Hibernate 3 Adds XML-Relational Persistence

ibernate has taken the IT world by surprise with its easy-to-use, high-performance, and sophisticated features for object-relational (OR) persistence. The most recent version of Hibernate (version 3, released on March 29) brings an important new feature to the product API: XML persistence. With Hibernate 3, Java application developers can conveniently persist XML documents into relational databases.

This new feature definitely should appeal to existing Hibernate developers because it follows the same persistence methods as POJOs (plain old Java objects), requiring a minimal learning curve. The convenience of XML persistence should appeal to new users as well. This article describes the Hibernate 3 persistence method.

Why XML Persistence Is Important
Most of the larger commercial databases support some form of native XML persistence. Since XML persistence is a relatively new mechanism?even for larger vendors, the standards in this field are still emerging. As a result, in order to integrate the ubiquitous relational persistence mechanisms with increasingly prevalent XML solutions, an architect must either resort to vendor-specific features or implement a custom XML persistence framework. Neither is a particularly attractive option. Vendor-specific features are unpopular because they can lead to vendor lock-in, and a custom framework implementation can be laborious and lengthy, resulting in code that is hard to maintain.

As is the case with OR persistence, Hibernate XML persistence is as a natural solution for this scenario. It is portable across all of the relational platforms that Hibernate supports (i.e., virtually all true relational platforms), allowing for the freedom to migrate objects and XML-based application and integration solutions without worrying about the underlying relational implementation.

Architectural Specifics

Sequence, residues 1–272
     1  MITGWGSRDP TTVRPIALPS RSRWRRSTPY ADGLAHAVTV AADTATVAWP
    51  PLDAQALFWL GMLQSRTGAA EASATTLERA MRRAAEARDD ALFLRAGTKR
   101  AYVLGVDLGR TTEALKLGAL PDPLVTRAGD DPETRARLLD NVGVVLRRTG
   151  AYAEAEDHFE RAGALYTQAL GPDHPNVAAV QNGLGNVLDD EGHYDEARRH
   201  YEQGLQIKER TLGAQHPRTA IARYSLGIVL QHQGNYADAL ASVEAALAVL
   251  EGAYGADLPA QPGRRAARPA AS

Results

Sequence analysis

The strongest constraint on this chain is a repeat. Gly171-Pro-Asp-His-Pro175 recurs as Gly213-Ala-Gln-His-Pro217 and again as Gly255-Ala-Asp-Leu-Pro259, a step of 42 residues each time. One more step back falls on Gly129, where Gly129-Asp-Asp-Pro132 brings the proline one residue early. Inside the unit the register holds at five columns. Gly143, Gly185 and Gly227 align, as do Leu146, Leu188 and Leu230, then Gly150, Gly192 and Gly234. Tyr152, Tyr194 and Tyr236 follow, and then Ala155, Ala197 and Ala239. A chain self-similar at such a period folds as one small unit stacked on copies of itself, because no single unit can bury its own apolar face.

Hibernate is a nicely architected framework that seamlessly utilizes native environments without any special interventions or installations by the user. Switching from one database to another is usually a matter of changing a driver and configuring Hibernate (one-line configuration setting) to use one database dialect versus another.

Hibernate utilizes the dom4j framework for XML parsing and manipulation. To fully utilize Hibernate’s XML features, you must get familiar with dom4j. Most likely, you will find dom4j easier to use than JAXP and JAXP-compliant XML parsers that are supplied through Java. It has a very flat learning curve and you can start using the Hibernate XML persistence features effectively with minimal dom4j knowledge.

A Real World Example: Price Catalog Synchronization
A common e-business scenario should demonstrate the usefulness of XML-relational persistence mechanisms. Consider an example in which XML integrates priced product catalogs between online merchants and vendors.

The electronic catalog contains the priced product lists. The online store sells the products, which it manages through its own inventory (similar to Amazon’s relationship with Toys-R-Us and sporting goods stores). In order to accurately and efficiently reflect price updates, the online merchant needs to receive frequent product pricing feeds. It receives these feeds as an XML document that looks similar to this:

	"3" sku="100101">	         		Athlete mode body fat scale		100.00		60.00			"4" sku="100102">		Thermometer		20.00		11.00	

The comprehensive master product price list is stored on the database as follows:

CREATE TABLE PRODUCT(  id INT UNIQUE NOT NULL,  description VARCHAR(45) NOT NULL,  sku VARCHAR(45) UNIQUE NOT NULL,  list_price FLOAT,  base_price FLOAT,  order_price FLOAT,  CONSTRAINT PK_PRODUCT PRIMARY KEY (id ))